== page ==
The Supreme Court has sided with America's largest cryptocurrency exchange, Coinbase, in a ruling that reinforces the ability of companies to channel customer and employee disputes into arbitration. 

Coinbase has been arguing to route customer complaints through arbitration because it cuts down on legal costs.

Justices voted 5-4 that lawsuits filed in federal court must be put on hold while a defendant presses an appeal that would send the case to arbitration.

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Coinbase Chief Legal Officer Paul Grewal said on Twitter: "We are grateful to the Supreme Court for its careful review. Another example of why I believe in the American court system."

Justice Brett Kavanaugh wrote for the court that the reasoning behind the decision was that the benefits of arbitrations could be “irretrievably lost” if district courts move forward as an appeal is ongoing. "We conclude that, after Coinbase appealed from the denial of its motion to compel arbitration, the District Court was required to stay its proceedings," he wrote in the Supreme Court decision.

San Francisco-based Coinbase last year asked the Supreme Court to intervene and halt two lawsuits launched by account holders after the firm appealed the cases in Federal court. At the time, the San Francisco-based firm said it needed the Supreme Court to step in on an "emergency basis."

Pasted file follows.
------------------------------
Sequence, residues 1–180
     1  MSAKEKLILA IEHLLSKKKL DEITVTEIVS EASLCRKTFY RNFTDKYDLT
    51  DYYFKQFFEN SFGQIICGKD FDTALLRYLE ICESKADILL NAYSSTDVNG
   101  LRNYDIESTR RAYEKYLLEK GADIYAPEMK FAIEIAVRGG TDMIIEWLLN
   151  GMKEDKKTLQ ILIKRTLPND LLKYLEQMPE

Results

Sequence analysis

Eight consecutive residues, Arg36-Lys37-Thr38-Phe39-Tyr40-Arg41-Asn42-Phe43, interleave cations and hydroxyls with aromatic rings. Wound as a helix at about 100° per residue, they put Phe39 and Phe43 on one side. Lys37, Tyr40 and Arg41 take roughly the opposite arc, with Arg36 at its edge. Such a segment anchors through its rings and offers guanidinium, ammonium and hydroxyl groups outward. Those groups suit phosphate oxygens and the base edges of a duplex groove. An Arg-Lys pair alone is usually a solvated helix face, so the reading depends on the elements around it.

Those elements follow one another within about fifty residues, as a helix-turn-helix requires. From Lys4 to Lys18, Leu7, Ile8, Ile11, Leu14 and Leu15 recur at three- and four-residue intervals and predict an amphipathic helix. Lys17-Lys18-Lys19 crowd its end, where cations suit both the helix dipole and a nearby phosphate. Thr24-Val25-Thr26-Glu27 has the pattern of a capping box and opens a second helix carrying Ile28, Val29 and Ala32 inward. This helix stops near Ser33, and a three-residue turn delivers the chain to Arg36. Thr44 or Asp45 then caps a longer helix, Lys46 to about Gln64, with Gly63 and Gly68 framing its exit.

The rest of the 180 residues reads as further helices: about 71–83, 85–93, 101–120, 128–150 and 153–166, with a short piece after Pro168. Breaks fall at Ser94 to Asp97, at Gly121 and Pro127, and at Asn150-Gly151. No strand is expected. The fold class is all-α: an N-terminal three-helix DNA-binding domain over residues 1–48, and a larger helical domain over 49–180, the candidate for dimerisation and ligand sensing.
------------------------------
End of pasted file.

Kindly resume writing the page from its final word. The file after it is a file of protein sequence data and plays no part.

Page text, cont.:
The crypto exchange argued that its user agreement contract requires customers proceed with arbitration.

One customer, Abraham Bielski, sought to be compensated for $31,000 in losses after he gave a scammer remote access to his account. While David Suski accused Coinbase of holding a “deceptive digital ad campaign” related to a Dogecoin sweepstakes event in June 2021.

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Today's court decision has implications beyond Coinbase because it bolsters the legal precedent for companies to enforce arbitration agreements with customers and employees.

Editor's Note: This story has been updated to add details from the Supreme Court's opinion. 

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